do this for two days, but now he felt incapable of
keeping up the unequal struggle.

His despair was even intensified by
the consciousness that he was utterly alone in his
sorrow.  In all Petersburg there was not a human
being to whom he could express what he was feeling,
who would feel for him, not as a high official, not
as a member of society, but simply as a suffering
man; indeed he had not such a one in the whole world.

Alexey Alexandrovitch grew up an orphan. 
There were two brothers.  They did not remember
their father, and their mother died when Alexey Alexandrovitch
was ten years old.  The property was a small
one.  Their uncle, Karenin, a government official
of high standing, at one time a favorite of the late
Tsar, had brought them up.

On completing his high school and
university courses with medals, Alexey Alexandrovitch
had, with his uncle’s aid, immediately started
in a prominent position in the service, and from that
time forward he had devoted himself exclusively to
political ambition.  In the high school and the
university, and afterwards in the service, Alexey
Alexandrovitch had never formed a close friendship
with anyone.  His brother had been the person
nearest to his heart, but he had a post in the Ministry
of Foreign Affairs, and was always abroad, where he
had died shortly after Alexey Alexandrovitch’s

While he was governor of a province,
Anna’s aunt, a wealthy provincial lady, had
thrown him ­middle-aged as he was, though
young for a governor ­with her niece, and
had succeeded in putting him in such a position that
he had either to declare himself or to leave the town. 
Alexey Alexandrovitch was not long in hesitation. 
There were at the time as many reasons for the step
as against it, and there was no overbalancing consideration
to outweigh his invariable rule of abstaining when
in doubt.  But Anna’s aunt had through
a common acquaintance insinuated that he had already
compromised the girl, and that he was in honor bound
to make her an offer.  He made the offer, and
concentrated on his betrothed and his wife all the
feeling of which he was capable.

The attachment he felt to Anna precluded
in his heart every need of intimate relations with
others.  And now among all his acquaintances
he had not one friend.  He had plenty of so-called
connections, but no friendships.  Alexey Alexandrovitch
had plenty of people whom he could invite to dinner,
to whose sympathy he could appeal in any public affair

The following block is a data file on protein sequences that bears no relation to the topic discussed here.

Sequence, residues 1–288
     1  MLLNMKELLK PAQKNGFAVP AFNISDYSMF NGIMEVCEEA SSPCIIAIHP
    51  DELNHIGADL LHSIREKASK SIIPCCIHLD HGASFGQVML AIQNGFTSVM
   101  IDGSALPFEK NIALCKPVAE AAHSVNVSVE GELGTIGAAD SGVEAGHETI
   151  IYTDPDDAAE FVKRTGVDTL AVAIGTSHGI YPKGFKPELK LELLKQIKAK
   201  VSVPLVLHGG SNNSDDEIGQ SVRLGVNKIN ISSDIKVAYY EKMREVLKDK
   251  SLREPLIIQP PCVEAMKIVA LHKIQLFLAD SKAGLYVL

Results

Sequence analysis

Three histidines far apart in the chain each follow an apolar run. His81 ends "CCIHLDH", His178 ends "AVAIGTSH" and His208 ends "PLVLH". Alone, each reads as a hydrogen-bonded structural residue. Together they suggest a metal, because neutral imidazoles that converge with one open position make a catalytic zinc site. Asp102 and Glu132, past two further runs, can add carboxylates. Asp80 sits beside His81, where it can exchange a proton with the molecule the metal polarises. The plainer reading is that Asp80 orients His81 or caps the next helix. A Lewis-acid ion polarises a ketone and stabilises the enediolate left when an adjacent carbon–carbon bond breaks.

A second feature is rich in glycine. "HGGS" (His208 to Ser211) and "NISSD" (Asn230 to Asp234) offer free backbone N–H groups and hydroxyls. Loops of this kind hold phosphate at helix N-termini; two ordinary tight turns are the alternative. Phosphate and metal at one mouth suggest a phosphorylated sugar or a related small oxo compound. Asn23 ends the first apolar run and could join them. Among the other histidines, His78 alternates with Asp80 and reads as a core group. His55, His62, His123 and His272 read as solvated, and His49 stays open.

he was concerned about, whose interest he could reckon
upon for anyone he wished to help, with whom he could
candidly discuss other people’s business and
affairs of state.  But his relations with these
people were confined to one clearly defined channel,
and had a certain routine from which it was impossible
to depart.  There was one man, a comrade of his
at the university, with whom he had made friends later,
and with whom he could have spoken of a personal sorrow;
but this friend had a post in the Department of Education
in a remote part of Russia.  Of the people in
Petersburg the most intimate and most possible were
his chief secretary and his doctor.

Mihail Vassilievitch Sludin, the chief
secretary, was a straightforward, intelligent, good-hearted,
and conscientious man, and Alexey Alexandrovitch was
aware of his personal goodwill.  But their five
years of official work together seemed to have put
a barrier between them that cut off warmer relations.

After signing the papers brought him,
Alexey Alexandrovitch had sat for a long while in
silence, glancing at Mihail Vassilievitch, and several
times he attempted to speak, but could not. 
He had already prepared the phrase:  “You
have heard of my trouble?” But he ended by
saying, as usual:  “So you’ll get this
ready for me?” and with that dismissed him.

The other person was the doctor, who
had also a kindly feeling for him; but there had long
existed a taciturn understanding between them that
both were weighed down by work, and always in a hurry.

Of his women friends, foremost amongst
them Countess Lidia Ivanovna, Alexey Alexandrovitch
never thought.  All women, simply as women, were
terrible and distasteful to him.